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American contractor Alan Gross, center, poses with his wife, Judy, and his attorney, Scott Gilbert, during a visit in a Cuban prison last year. / Family Photo

MIAMI - An American contractor who has been held in a Cuban prison for over four years started a hunger strike to protest what he described as the inaction of both the U.S. and Cuban governments to secure his release.

Alan Gross, who was arrested by Cuban authorities in 2009 for importing and distributing communications equipment for the Jewish community there, had his last meal on Wednesday. His attorney said he decided to take the extreme measure after the Associated Press on Thursday reported on a secret program run by the U.S. government to facilitate cellphone communication between Cubans on the island.

Gross was arrested while acting on a contract from the U.S. Agency for International Development to improve communication on the island, where Internet use is heavily restricted by the Cuban government. The program uncovered by the AP, dubbed the "Cuban Twitter" by officials who ran it from 2009 to 2012, was also run by USAID and initiated after Gross was imprisoned.

Gross, who estimates he has lost more than 110 pounds since he was imprisoned, said in a statement that he was frustrated by the continued lack of effort by the U.S. government to orchestrate his release.

"I am fasting to object to mistruths, deceptions, and inaction by both governments, not only regarding their shared responsibility for my arbitrary detention, but also because of the lack of any reasonable or valid effort to resolve this shameful ordeal," Gross said in a statement released by his attorney. "Once again, I am calling on President Obama to get personally involved in ending this stand-off so that I can return home to my wife and daughters."

Gross' attorney, Scott Gilbert, spoke with him by phone on Tuesday and said the Maryland man has lost 10 more pounds since starting the hunger strike. Gilbert said Gross is only drinking water and does not know whether the Cuban prison officials will force-feed him, a common practice when prisoners go on hunger strikes.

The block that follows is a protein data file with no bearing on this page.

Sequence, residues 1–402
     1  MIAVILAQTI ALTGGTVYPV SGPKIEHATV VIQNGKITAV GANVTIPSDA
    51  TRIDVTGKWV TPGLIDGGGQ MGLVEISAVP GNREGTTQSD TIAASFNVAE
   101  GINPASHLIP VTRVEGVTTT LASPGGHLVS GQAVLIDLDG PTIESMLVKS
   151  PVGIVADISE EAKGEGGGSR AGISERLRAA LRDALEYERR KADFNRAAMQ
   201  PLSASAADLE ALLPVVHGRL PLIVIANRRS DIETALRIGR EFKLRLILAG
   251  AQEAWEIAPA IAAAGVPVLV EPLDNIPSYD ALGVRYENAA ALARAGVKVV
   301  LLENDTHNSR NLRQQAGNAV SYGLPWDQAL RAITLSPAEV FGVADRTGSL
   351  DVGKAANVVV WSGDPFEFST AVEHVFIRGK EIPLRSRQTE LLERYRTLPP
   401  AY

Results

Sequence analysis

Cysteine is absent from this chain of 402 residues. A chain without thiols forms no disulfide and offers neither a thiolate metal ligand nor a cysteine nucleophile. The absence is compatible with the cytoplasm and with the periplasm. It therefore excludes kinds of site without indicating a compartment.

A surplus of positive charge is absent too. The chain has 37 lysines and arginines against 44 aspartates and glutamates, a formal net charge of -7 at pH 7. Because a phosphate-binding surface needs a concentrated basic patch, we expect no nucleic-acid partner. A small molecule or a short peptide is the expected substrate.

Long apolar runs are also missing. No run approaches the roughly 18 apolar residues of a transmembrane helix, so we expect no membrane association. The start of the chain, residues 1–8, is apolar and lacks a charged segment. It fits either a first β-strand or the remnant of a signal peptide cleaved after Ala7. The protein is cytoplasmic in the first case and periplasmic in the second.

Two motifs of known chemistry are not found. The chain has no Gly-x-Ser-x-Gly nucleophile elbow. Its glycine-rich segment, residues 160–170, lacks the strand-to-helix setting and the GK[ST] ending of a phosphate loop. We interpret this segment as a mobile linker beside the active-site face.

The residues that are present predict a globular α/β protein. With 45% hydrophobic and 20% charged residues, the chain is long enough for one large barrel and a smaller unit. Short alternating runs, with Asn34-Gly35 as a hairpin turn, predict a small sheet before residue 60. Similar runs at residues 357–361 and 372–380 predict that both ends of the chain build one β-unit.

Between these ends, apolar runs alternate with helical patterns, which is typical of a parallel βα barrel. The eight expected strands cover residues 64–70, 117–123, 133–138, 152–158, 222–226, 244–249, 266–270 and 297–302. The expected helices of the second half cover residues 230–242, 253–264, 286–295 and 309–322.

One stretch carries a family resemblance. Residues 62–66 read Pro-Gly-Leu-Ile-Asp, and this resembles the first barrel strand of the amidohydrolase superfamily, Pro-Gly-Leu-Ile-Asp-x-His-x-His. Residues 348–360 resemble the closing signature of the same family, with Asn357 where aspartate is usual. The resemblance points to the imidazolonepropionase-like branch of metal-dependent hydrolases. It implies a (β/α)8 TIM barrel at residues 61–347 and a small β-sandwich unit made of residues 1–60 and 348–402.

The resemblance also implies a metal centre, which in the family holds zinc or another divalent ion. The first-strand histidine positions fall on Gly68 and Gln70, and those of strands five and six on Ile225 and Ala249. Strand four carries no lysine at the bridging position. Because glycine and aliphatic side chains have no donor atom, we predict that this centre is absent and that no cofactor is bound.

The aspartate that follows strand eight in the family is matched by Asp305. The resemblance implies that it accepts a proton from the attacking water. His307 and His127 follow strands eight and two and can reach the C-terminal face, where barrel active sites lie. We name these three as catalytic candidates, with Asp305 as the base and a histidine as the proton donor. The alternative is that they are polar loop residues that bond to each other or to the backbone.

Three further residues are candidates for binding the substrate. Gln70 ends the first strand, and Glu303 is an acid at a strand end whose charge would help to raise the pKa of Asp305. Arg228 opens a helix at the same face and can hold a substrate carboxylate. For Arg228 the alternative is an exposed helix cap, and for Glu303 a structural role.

Gilbert said Gross has become increasingly frustrated that the U.S. government has not acted more aggressively to negotiate his release. He said USAID's decision to run the Cuban Twitter program imperiled Gross' safety and served as the "final straw" to start the hunger strike.

"He's extremely frustrated, more so at this point at the United States than at Cuba," said Gilbert, who speaks with Gross twice a week and has visited him in prison several times. "Hunger strikes don't end up anywhere pleasant, either through the effects of not eating or forced feedings."

"When I asked him how long he planned to continue the hunger strike, he said, 'As long as it takes,'" Gilbert said.

Gross's case has become central to the political back-and-forth between the governments of Cuba and the U.S.

His relatives and friends have organized protests in Washington, D.C., to urge his release, and he has been visited by several members of Congress. At the same time, Cuban officials have accused the U.S. of wrongfully detaining five of their citizens, dubbed the Cuban Five. The men were convicted in federal court on espionage charges, and have become national heroes in Cuba, where their images are painted on billboards and walls throughout the island.

Cuban officials have said they would be willing to discuss Gross' release if the U.S. government considered releasing the Cuban Five. Two of the men have been released from prison and returned to Cuba.

Gilbert said that for the past year, Cuban officials have offered to negotiate Gross' case "without any preconditions."

On Thursday, White House press secretary Jay Carney said President Obama remains committed to securing Gross' release.

"His detention remains an impediment to more constructive relations between the U.S. and Cuba," Carney said.



Copyright 2014 USATODAY.com

Read the original story: American prisoner in Cuba starts hunger strike

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